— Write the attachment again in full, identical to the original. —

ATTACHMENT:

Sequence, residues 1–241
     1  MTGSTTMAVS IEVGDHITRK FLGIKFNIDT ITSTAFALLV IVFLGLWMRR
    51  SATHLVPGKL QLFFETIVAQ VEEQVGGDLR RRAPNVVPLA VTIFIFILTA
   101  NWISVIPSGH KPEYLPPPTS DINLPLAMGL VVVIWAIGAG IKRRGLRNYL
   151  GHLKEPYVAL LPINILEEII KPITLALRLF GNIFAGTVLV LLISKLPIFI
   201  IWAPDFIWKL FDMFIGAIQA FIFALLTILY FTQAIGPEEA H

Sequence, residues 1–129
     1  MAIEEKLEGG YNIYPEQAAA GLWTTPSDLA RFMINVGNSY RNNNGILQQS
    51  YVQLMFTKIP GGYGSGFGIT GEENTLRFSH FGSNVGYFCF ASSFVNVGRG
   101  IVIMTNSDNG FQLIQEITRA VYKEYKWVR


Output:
Sequence, residues 1–241
     1  MTGSTTMAVS IEVGDHITRK FLGIKFNIDT ITSTAFALLV IVFLGLWMRR
    51  SATHLVPGKL QLFFETIVAQ VEEQVGGDLR RRAPNVVPLA VTIFIFILTA
   101  NWISVIPSGH KPEYLPPPTS DINLPLAMGL VVVIWAIGAG IKRRGLRNYL
   151  GHLKEPYVAL LPINILEEII KPITLALRLF GNIFAGTVLV LLISKLPIFI
   201  IWAPDFIWKL FDMFIGAIQA FIFALLTILY FTQAIGPEEA H

Sequence, residues 1–129
     1  MAIEEKLEGG YNIYPEQAAA GLWTTPSDLA RFMINVGNSY RNNNGILQQS
    51  YVQLMFTKIP GGYGSGFGIT GEENTLRFSH FGSNVGYFCF ASSFVNVGRG
   101  IVIMTNSDNG FQLIQEITRA VYKEYKWVR